Monday, November 28

Update on primary races, House addresses formula shortage: 5 Things podcast


On today’s episode of the 5 Things podcast: Supreme Court sides with Sen. Ted Cruz in fight over federal campaign loan repayment limits

Supreme Court correspondent John Fritze explains. Plus, an update on yesterday’s primary races, reporter Trevor Hughes tells us how a dropping Lake Mead is uncovering history, travel reporter Morgan Hines talks about getting back to the office and the House votes on a bill to fight the baby formula shortage.

Podcasts:True crime, in-depth interviews and more USA TODAY podcasts right here.

Hit play on the player above to hear the podcast and follow along with the transcript below. This transcript was automatically generated, and then edited for clarity in its current form. There may be some differences between the audio and the text.

Taylor Wilson:

Good morning. I’m Taylor Wilson and this is 5 Things you need to know Wednesday, the 18th of May 2022. Today, laws on federal campaign loan repayments, plus an update on primary races around the country, and more.

Here are some of the top headlines:

  1. One million Americans have now died of COVID-19. That number is equivalent to a 9/11 attack every day for 336 days. It’s about how many Americans died in the Civil War and World War II combined.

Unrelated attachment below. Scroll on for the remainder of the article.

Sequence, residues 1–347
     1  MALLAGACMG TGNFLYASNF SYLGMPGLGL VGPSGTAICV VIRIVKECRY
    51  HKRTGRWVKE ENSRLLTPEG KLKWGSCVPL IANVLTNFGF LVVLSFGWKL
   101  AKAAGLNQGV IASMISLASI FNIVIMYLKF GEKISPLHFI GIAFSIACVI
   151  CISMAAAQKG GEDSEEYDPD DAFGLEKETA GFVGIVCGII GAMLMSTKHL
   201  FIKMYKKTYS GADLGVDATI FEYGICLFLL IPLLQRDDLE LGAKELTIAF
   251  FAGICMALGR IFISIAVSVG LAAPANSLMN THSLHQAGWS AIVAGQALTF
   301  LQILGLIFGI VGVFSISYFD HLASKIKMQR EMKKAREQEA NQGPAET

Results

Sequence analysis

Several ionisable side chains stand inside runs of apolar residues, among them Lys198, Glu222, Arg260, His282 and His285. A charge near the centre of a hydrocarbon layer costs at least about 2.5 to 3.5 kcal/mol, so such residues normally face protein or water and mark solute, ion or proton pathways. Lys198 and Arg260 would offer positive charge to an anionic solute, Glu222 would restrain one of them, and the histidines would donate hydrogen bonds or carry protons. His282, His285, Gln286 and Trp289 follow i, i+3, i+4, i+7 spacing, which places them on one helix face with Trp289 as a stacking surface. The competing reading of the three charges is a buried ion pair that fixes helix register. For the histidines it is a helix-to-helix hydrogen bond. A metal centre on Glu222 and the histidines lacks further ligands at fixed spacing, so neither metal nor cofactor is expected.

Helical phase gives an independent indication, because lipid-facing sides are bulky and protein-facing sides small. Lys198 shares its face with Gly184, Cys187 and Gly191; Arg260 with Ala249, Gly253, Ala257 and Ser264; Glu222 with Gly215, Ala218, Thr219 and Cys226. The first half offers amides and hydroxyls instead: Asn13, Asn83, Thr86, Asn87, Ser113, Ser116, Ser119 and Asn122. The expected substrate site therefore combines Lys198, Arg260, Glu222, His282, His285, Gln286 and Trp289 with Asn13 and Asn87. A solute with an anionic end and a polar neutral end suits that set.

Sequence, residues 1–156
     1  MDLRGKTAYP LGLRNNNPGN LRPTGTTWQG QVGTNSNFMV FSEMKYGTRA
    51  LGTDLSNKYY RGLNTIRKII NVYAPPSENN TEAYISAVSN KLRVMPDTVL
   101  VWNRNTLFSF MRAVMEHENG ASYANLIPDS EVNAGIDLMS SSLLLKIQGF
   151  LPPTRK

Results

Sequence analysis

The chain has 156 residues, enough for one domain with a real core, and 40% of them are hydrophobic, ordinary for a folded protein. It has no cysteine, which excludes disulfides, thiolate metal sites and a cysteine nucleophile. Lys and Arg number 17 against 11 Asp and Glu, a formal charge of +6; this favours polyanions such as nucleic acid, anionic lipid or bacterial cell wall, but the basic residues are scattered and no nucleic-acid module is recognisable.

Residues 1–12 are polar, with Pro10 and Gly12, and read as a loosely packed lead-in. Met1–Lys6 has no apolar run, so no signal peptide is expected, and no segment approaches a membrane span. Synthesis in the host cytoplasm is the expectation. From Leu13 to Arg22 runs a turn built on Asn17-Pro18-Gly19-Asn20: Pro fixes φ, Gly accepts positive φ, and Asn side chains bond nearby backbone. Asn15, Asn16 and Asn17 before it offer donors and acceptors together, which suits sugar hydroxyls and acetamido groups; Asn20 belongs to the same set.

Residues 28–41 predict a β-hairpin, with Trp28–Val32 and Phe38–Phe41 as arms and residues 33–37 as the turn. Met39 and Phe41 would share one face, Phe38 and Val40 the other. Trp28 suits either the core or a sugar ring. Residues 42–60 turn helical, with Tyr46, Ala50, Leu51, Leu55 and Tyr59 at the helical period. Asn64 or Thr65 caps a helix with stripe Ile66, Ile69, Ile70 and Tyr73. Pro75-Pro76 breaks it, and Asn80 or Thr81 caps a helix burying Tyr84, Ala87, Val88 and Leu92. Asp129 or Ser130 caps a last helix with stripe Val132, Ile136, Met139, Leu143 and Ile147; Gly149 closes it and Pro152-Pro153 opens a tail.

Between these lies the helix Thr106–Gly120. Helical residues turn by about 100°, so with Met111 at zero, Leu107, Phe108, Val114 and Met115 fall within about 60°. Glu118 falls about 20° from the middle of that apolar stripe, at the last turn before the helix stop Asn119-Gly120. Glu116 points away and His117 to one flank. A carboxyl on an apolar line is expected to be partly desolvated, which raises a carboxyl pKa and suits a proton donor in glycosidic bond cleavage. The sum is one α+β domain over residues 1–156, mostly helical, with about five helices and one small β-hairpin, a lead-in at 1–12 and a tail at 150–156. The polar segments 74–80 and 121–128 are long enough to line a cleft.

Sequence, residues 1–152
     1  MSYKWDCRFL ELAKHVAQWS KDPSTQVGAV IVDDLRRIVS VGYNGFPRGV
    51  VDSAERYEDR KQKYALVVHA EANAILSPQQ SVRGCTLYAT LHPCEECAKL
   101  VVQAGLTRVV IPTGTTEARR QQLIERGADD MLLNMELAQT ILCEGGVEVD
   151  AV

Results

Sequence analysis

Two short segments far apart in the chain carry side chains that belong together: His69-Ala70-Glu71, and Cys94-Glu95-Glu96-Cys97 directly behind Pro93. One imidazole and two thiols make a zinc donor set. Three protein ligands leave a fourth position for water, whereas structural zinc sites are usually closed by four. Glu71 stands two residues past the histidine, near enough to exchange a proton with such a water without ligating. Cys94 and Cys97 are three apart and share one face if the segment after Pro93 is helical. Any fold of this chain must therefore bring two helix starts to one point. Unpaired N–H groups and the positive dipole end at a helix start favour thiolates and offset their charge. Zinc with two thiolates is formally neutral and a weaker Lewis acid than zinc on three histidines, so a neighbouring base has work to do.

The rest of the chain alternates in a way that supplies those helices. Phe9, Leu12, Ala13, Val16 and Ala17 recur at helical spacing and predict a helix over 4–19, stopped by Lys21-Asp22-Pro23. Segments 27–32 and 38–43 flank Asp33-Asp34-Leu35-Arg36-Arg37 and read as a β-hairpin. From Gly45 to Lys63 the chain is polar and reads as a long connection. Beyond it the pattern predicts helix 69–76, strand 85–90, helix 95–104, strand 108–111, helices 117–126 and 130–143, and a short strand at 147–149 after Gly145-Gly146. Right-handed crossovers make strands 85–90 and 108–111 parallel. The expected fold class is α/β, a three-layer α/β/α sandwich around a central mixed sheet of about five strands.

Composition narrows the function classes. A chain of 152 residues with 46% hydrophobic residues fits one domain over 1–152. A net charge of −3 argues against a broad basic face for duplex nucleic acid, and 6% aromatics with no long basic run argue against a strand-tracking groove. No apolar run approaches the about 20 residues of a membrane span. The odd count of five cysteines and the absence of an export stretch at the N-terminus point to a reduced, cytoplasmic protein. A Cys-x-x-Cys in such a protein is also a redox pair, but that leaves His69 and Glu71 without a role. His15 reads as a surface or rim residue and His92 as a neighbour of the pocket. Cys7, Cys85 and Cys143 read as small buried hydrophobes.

2. A new study is blaming pollution of all types for 9 million deaths a year globally. The study in the journal, The Lancet Planetary Health, found that the US is the only fully industrialized country in the top 10 for total pollution deaths.
  3. And Finland and Sweden have applied to join NATO. The application must now be weighed by the world’s largest military alliance’s 30 member countries. The move is driven by security concerns over Russia’s war in Ukraine.

This week, the Supreme Court sided with Texas Senator Ted Cruz over a federal law that limits the ability of campaigns to repay loans made by candidates. The ruling could have broader implications for how money is regulated in politics. Supreme Court reporter John Fritze explains what all that means.

John Fritze:

The case involved here is a little bit wonky. It’s sort of a obscure part of the campaign finance law. The bigger picture, though, is that the Supreme Court, over the course of several decisions and over the course of many years, has sort of been chipping away at the requirements that candidates and campaigns have to honor to fund their campaigns. This particular case, dealt with a requirement that limited how much money could be paid back when a candidate basically loans themselves money for the campaign. And that law limited that to $250,000, if they’re using post-election funding. In other words, this is a key, if wonky, point, money that came in after the election to repay a loan that was made to win the election.


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